Director – Antonio Bido
Cast – Lino Capolicchio, Stefania Casini, Craig Hill, Massimo Serato, Juliette Mayniel, Laura Nucci, Attilio Duse
Release Year – 1978
Reviewed by John of the Dead
I was very stoked to get my hands on this one mainly because 1.) I had never heard of it before, and 2.) I thought its title was incredible. After looking into this film a bit more it seems The Bloodstained Shadow is somewhat of a hidden gem in the giallo sub-genre, making this experience even more fun to me given someday I am sure I will exhaust all of the hidden gems out there, I just hope that day does not come very soon, or ever.
Stefano makes a long-awaited trip to the island that he grew up in so that he can visit his brother Don, the local priest. Soon after Stefano’s arrival, a woman known to be the town’s spiritual medium is murdered in front of his brother Don, prompting mysterious letters and death threats making references to a long ago crime in which a young schoolgirl was murdered and the killer never caught. As more heinous murders occur around the small town, Stefano and Don find themselves in the sights of a secretive killer with a vendetta against them, one that will shed light on the decades-old crime, and leave Stafano wishing he’d never come to his hometown.
Going into this film I was pretty sure that I was going to enjoy it, which is pretty much the case with every Italian giallo film from the 70s. We get the usual mystery storyline, and I enjoyed the idea of Stefano returning to his hometown only to find himself in the mist of a deadly killer with his/her sights set on him and his brother. The entire film follows Stefano as he tries to desperately figure out who is behind the threatening letters sent to his brother, and we are given a few great kills thrown into the mix as well. This is definitely a story-driven flick, and that could be why The Bloodstained Shadow never became as well known as other giallo films from its day and age such as Black Belly of the Tarantula. At times I felt that the film was a little slow, especially when you consider that we are only given a few kills despite a 109 minute runtime that left me itching for more kills. When you have a 45 minute gap between kills in a giallo film you are going to have problems, and that is my only real balk with this one. As far as the usual shocking climax that we get with giallo films I can say that I saw this climax coming before the film hit its halfway point. This was not a huge bummer to me but I felt it was quite predictable and lost the edge it could have had if its conclusion was more unique, but that is only my opinion.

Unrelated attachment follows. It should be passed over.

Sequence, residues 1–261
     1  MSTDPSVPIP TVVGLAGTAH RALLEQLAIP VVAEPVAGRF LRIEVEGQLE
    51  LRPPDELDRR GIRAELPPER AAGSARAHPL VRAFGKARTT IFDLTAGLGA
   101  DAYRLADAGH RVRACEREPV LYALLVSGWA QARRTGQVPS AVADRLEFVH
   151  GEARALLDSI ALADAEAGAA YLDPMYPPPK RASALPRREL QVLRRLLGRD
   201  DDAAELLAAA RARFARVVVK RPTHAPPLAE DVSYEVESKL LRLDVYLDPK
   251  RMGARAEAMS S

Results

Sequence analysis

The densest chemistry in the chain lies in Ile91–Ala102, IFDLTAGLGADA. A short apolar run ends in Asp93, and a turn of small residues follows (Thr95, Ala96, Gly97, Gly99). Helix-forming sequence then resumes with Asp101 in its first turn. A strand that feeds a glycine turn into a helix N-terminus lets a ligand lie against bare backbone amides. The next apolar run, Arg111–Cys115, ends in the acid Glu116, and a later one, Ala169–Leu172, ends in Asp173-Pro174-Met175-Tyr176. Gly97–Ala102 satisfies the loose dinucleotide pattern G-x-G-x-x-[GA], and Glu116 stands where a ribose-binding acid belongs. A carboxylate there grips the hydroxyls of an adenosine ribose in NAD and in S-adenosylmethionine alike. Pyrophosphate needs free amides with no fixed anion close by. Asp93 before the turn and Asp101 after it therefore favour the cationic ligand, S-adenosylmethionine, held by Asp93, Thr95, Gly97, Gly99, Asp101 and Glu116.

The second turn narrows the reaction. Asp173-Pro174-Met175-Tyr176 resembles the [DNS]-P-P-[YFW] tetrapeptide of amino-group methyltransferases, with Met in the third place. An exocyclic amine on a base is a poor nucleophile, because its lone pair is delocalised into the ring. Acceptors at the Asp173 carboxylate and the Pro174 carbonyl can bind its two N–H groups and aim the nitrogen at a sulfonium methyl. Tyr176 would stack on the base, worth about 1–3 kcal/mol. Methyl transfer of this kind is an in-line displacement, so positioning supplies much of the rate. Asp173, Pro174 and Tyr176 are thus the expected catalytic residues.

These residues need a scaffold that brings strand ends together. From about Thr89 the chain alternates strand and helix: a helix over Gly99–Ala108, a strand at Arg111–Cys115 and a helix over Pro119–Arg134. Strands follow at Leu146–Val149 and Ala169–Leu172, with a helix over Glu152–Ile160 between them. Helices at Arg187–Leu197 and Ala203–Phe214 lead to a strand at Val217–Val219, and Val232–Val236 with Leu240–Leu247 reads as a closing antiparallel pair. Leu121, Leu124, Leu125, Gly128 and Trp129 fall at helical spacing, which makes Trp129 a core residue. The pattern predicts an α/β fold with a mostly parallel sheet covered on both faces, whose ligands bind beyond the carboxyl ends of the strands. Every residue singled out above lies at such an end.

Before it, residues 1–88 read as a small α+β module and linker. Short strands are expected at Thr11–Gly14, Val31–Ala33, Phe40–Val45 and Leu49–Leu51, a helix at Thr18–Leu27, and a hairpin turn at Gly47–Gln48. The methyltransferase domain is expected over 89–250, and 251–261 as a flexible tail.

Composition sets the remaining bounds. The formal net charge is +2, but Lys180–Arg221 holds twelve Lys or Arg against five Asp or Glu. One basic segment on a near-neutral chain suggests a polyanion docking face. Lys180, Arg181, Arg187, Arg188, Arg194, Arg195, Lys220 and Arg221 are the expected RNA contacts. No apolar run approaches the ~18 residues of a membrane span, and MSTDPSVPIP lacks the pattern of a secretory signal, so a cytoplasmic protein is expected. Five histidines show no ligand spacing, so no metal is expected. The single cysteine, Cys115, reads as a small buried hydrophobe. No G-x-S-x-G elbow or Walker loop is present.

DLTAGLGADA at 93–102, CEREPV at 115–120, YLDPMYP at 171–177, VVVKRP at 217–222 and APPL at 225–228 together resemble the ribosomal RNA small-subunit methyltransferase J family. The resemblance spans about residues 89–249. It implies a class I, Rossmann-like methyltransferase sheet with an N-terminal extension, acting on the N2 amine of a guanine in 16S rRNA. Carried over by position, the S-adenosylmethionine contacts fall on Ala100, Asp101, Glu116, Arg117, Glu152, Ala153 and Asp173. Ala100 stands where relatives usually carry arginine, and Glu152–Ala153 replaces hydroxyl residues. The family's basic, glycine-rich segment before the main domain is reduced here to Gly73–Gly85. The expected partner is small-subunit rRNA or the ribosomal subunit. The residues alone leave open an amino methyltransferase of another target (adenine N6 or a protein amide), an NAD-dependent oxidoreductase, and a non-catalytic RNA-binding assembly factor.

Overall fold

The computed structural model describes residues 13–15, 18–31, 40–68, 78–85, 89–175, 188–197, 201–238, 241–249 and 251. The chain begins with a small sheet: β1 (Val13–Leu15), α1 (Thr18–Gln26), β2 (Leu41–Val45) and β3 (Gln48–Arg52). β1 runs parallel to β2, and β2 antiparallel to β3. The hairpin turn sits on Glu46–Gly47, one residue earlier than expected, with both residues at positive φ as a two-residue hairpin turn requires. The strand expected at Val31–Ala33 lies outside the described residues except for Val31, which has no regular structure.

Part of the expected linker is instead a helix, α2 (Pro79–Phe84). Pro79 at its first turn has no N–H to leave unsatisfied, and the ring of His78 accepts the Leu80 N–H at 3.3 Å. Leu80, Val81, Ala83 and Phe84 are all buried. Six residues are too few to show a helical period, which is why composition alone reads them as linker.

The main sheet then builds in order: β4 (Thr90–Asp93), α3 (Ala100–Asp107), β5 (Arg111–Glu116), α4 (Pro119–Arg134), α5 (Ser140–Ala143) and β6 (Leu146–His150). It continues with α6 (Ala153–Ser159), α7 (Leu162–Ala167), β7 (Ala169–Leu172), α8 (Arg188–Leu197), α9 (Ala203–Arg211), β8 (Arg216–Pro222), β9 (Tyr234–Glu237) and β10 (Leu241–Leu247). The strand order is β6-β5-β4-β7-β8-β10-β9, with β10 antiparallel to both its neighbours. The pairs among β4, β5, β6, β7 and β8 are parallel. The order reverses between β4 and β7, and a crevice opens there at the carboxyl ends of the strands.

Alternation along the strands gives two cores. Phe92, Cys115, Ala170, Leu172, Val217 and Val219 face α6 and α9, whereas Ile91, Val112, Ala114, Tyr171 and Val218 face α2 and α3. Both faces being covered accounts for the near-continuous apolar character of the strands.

Director Antonio Bido did a fine job executing this film, and he somehow managed to keep my attention for the most part during the film’s slower kill-lacking scenes. As with most giallo films he employs fantastic sets and great camerawork, and to make up for the lack of kills he delivers the few kills in fantastic and shocking fashion, which I can always appreciate. I was quite surprised to see that Bido did not have a long career in the horror genre, which I found hard to believe given the guy obviously has talent, especially when you consider that he managed to keep me engaged in this slow but positive story-driven giallo film.
Overall, The Bloodstained Shadow is another positive late 70s giallo film that manages to give us the usual awesome giallo story with positive direction and fantastic kill sequences. The film moves slow and does not come with as many kills as I wanted, but in the end the experience is a positive one and is sure to give giallo fans what they want.